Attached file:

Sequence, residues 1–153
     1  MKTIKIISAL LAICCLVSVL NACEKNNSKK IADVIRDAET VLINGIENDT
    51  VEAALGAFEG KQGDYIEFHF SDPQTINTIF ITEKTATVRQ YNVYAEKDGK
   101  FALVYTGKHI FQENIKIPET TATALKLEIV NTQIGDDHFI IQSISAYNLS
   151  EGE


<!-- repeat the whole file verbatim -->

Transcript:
Sequence, residues 1–153
     1  MKTIKIISAL LAICCLVSVL NACEKNNSKK IADVIRDAET VLINGIENDT
    51  VEAALGAFEG KQGDYIEFHF SDPQTINTIF ITEKTATVRQ YNVYAEKDGK
   101  FALVYTGKHI FQENIKIPET TATALKLEIV NTQIGDDHFI IQSISAYNLS
   151  EGE